What’s your experience in this area?


  1. Christy Burton on November 26, 2012 at 11:11 am

    I have experienced much heartache from churches asking overzealously for money mainly because I allow myself to feel guilty no matter how much I give. Every time I hear requests for money, in my head I go through a dialogue like, “…I can’t, I gave money to this radio show, I gave money to this unemployed person, I dropped money in the Salvation Army kettle, I’m housing a homeless person.. and I just don’t have any more money, please stop asking, please, ohhh, I can’t listen to this anymore.”

    I have tithed with a cheque that bounced after being quoted, “test me in this,” I’ve had a church come to my house and insist I commit to giving towards an expansion project despite the fact that at that time I was a single parent, seriously ill, one of my sons was seriously ill, I hadn’t worked for months, and was having trouble feeding my family.

    I stopped going to church for a long time because of barrages of requests for money. I don’t think it’s Godly to do that to someone. Some people are designed by God with tender hearts that want to help everyone before themselves. I know of an elderly lady who ate cat food after donating all her money to ‘starving children’ on tv (long time ago when cat food was cheaper, lol!)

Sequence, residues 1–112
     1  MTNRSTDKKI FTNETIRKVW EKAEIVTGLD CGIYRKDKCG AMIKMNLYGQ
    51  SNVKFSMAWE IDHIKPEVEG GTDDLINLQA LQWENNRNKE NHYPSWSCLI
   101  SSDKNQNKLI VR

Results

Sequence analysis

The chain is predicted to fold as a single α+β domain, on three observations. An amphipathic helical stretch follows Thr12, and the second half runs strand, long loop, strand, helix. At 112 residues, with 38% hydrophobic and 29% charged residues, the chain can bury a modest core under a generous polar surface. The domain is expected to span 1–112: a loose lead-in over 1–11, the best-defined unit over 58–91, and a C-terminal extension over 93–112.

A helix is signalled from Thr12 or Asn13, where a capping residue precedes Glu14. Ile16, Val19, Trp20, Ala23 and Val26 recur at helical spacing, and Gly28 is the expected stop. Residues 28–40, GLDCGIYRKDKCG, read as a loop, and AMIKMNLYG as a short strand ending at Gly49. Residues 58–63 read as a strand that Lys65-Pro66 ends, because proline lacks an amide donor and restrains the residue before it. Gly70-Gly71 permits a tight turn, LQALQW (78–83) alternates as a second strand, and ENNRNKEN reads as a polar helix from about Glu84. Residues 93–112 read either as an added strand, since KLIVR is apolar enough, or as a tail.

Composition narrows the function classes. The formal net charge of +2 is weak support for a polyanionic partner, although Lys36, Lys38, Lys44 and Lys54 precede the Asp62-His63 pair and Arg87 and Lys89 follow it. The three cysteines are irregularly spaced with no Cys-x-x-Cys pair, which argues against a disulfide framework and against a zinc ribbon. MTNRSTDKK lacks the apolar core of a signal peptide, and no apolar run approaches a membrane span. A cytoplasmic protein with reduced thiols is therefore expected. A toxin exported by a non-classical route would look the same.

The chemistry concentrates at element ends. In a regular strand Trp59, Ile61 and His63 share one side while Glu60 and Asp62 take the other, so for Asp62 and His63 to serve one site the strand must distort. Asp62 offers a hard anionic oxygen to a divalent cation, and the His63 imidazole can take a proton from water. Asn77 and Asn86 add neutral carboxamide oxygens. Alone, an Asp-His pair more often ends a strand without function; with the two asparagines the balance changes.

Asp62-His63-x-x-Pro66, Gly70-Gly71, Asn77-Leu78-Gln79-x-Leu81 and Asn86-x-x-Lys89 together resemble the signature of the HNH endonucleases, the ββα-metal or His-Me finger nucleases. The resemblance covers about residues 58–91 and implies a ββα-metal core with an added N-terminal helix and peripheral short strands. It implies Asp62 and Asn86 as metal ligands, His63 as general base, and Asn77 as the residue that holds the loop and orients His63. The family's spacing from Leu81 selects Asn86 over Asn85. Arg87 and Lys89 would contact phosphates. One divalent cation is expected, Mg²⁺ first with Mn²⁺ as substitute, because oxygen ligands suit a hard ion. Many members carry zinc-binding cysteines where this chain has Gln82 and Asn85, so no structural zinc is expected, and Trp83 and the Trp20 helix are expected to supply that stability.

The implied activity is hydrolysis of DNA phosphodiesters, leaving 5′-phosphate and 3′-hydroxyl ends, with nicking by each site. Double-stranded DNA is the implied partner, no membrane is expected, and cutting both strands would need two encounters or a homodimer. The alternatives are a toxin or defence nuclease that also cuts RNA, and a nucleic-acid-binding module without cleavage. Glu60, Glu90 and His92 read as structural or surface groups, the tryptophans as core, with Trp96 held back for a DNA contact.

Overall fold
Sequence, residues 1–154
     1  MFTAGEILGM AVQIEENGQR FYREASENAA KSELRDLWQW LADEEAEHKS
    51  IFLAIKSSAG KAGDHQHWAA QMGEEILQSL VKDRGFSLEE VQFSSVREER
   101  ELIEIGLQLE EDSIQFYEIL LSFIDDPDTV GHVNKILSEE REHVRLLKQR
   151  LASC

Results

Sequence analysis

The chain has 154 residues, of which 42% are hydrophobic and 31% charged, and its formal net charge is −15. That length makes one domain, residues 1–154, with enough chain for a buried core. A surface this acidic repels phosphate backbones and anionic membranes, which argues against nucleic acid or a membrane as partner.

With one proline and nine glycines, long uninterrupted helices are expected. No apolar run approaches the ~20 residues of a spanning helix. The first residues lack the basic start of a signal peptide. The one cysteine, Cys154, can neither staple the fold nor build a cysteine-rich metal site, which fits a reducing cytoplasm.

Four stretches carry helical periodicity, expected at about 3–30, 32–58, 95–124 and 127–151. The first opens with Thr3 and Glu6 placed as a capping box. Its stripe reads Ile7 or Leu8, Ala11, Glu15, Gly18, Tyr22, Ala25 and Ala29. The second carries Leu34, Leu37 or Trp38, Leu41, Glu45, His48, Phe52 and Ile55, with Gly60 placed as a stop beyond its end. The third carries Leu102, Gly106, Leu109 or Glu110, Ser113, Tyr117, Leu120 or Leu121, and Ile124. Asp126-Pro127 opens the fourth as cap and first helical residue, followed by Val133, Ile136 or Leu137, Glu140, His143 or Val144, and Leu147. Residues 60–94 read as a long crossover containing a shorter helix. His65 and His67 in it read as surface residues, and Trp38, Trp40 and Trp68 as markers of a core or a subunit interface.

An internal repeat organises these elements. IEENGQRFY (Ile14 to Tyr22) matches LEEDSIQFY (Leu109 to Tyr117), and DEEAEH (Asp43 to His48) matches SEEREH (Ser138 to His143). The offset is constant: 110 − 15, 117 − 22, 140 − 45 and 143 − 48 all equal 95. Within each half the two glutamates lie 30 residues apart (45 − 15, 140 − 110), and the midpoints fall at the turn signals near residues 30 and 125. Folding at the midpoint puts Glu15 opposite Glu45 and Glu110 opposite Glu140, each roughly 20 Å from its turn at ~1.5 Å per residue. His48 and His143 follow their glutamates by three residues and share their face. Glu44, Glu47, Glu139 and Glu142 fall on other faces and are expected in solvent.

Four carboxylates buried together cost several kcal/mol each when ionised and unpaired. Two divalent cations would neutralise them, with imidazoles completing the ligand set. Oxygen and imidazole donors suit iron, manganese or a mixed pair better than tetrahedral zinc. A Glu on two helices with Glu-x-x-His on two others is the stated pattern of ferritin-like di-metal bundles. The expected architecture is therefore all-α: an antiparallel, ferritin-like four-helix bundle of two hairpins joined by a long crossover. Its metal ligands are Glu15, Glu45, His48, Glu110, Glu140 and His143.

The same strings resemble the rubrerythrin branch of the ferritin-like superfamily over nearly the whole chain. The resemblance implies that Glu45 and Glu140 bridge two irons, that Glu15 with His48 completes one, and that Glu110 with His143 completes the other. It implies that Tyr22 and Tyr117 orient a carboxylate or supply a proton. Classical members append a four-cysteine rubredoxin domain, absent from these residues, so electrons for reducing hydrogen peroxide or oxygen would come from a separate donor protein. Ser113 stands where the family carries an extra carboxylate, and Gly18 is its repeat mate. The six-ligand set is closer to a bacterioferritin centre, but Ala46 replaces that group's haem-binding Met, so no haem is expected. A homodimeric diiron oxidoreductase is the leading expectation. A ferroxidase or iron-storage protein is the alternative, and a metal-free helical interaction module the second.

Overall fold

Just wanted to answer to, “People who complain that the church talks about money too much often have financial issues (debt or greed).” I feel that’s a callous comment.

  2. cnieuwhof on November 15, 2012 at 5:48 pm

    Good point Robert. Thank you for it. I think the goal is to work through the real issues together. I’m not saying churches don’t have issues For sure churches do. I’m just saying sometimes it’s good to work through what the issues actually are to everyone’s benefit.

  3. Robert on November 15, 2012 at 5:43 pm

    This is an interesting, timely and controversial issue. I wonder what percentage of people in any particular congregation came from another congregation. I also wonder what those same people would say the reason was behind them leaving their original congregation. I’d be willing to bet they would place a great deal of blame on the church. If I’m correct about that, what does that say about “The Church”, and what does that say about “A Church”? “The Church” and “A Church” is nothing more than people anyhow, so the problem is one and the same whether you are standing by the pulpit or sitting in the pew. To state anything less may be undermining anyone who said “I left my previous church because the church didn’t…” by suggesting that it wasn’t the fault of “A Church”. When people left Jim Jones’s church, he blamed them as well. :o) God bless